If you want a small business website design partner that’s rabidly anti-jargon, practical, and results-oriented, learn more about MLT Group. Having built websites and implemented digital marketing plans for over two decades, we’ve seen trends come and go, acronyms rise and die, common sense terms turn to jargon. We keep up with the latest research and design trends, but we’re not going to pretend that showing off our expertise with jargon will help us or our clients succeed. We work for results.
Interested in a free audit and proposal? Contact us using the form below, and we’ll get back to you in two business days or less.
Have you been thinking about doing a website redesign?
If you have, there’s a lot to consider.
You have to think about budget.
You have to consider whether or not you’ll use a custom web designer or template solutions offered by companies like WordPress, Wix, and Squarespace.
In the changing marketing landscape of 2019 and beyond, you’ll have to consider how a potential website redesign fits into your content marketing strategy.
If you go through with a redesign, you’ll want to focus on elements that affect your site performance, ability to build your brand, and keeping up with Google’s ever-changing standards.
In today’s guide, we’ll walk you through everything you need to know if you’re considering a website redesign. By the end, you’ll have enough information to make the best decision for your business.
How to Think About Your Website Redesign Investment
If you’re on the fence about whether or not to do a site redesign, you can break down the decision into two separate buckets:
Definitely need a redesign
Potentially need a redesign
We’ll walk through each option. Depending on your business, revenue, marketing budget, and more, you’ll be guided through either of these three paths.
Before diving into each, let’s talk about the idea of investing in your own business, especially in marketing and design.
There’s a right and wrong way to think about investing in your business.
The right way? Carefully make a decision with the right mindset. Yes, you need to take things like cost into account, but you should never make it the sole criteria for your decision. Failing to invest in marketing out of fear can leave a lot of opportunity and profit on the table.
I get it. You want to squeeze as much profit out of your business as you can. But there are some things in life that you never want to go “cheap” on.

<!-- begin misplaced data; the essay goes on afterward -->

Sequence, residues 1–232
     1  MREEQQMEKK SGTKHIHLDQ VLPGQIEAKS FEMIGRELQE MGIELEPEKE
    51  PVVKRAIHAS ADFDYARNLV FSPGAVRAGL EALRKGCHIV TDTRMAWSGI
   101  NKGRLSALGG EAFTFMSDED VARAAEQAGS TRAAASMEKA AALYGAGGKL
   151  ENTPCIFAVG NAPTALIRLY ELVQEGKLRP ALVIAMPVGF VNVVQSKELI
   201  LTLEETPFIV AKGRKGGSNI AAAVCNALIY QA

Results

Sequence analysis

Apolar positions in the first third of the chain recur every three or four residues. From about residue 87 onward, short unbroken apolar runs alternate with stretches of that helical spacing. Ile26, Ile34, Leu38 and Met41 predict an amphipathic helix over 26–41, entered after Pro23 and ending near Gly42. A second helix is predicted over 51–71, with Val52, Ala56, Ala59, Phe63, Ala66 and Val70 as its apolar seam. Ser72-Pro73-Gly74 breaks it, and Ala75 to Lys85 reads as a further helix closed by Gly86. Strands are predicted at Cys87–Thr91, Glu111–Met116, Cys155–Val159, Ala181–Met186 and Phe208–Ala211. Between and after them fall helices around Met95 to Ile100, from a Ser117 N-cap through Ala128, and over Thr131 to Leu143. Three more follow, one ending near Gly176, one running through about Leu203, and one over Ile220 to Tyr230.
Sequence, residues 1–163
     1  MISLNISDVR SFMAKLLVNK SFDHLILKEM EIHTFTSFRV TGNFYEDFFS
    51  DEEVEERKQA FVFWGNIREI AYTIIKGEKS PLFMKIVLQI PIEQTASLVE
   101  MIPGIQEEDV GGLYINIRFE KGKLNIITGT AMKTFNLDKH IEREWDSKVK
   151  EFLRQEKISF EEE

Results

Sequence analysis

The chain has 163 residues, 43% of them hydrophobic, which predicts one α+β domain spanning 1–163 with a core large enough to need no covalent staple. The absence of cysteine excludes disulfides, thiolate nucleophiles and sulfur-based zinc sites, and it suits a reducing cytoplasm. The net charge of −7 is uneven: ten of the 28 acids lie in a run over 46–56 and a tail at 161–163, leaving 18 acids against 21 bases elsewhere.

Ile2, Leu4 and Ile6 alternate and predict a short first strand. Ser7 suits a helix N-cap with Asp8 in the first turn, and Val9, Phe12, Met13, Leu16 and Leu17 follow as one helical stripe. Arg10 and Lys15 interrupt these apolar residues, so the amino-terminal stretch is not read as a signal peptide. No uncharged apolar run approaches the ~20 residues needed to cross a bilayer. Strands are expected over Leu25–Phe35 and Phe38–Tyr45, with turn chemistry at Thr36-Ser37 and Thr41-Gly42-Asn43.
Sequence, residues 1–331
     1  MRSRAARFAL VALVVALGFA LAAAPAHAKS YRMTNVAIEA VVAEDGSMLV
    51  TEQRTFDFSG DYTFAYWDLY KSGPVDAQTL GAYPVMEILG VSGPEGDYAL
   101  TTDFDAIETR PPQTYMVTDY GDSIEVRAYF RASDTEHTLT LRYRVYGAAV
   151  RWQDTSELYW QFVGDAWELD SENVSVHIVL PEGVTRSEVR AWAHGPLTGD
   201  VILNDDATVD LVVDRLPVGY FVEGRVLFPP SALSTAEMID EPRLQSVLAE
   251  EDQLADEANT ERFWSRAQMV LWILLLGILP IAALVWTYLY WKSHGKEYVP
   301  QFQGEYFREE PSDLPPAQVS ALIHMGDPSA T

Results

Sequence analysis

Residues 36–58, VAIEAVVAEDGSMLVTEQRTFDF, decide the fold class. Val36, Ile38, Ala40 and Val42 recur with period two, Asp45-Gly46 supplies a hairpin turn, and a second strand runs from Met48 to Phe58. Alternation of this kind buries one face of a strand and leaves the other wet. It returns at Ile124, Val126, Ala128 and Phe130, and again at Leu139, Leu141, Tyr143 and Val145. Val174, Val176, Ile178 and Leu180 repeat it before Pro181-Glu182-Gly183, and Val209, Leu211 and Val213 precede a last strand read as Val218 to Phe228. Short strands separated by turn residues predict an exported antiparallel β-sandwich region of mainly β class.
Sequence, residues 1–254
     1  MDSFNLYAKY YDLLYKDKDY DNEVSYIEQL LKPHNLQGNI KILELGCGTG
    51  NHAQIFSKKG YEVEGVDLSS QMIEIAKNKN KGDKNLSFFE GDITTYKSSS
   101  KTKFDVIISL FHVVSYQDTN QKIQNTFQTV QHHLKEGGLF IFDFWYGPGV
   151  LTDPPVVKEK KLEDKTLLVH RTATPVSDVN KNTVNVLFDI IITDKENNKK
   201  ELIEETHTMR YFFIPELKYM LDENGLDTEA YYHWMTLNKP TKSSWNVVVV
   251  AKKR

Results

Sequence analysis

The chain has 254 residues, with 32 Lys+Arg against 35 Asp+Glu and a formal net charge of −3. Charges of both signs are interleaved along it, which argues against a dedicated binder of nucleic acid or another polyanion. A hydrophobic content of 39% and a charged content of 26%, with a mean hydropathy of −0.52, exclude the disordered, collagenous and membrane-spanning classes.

SEO is one of those things.
First, cheap SEO will likely land you a penalty. So, even if the low-quality tactics work in the short-term, you will end up getting nailed later on. If your site gets penalized, you will have to hire another agency just to get the penalty removed. Once your site gets a penalty, it’s a long road to recovery. In fact, your previous traffic levels may never recover.
And these are only the visible costs.
You also have to take into account opportunity and time costs. If your site gets penalized, you will have wasted precious time and capital.
The same thinking applies to design.
No, you don’t need to necessarily shell out top dollar for a website redesign, but failing to invest enough in your website design can lead to unintended consequences down the road:
Having to redo your design for performance issues
A site design that doesn’t reflect the quality of your business
Failing to meet the tastes and standards of your target audience
Think of the people in your audience. Think of the impression a well-designed and high-function website would have on them vs. a slapped together design that lacks originality?
Appearances in design matter for both your customers and the performance standards Google uses to rank websites. If you can afford to make a solid investment and the decision makes sense for your business, make the smart choice that pays off in the long run.
Signs You Need a Website Redesign